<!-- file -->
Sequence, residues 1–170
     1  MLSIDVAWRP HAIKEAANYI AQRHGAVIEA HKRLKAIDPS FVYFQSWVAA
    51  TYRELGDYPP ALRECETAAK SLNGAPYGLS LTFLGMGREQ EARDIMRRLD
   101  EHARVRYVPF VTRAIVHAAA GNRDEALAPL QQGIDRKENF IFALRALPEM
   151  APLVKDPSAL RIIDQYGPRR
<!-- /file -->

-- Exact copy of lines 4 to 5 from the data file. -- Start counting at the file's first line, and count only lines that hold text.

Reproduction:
   101  EHARVRYVPF VTRAIVHAAA GNRDEALAPL QQGIDRKENF IFALRALPEM
   151  APLVKDPSAL RIIDQYGPRR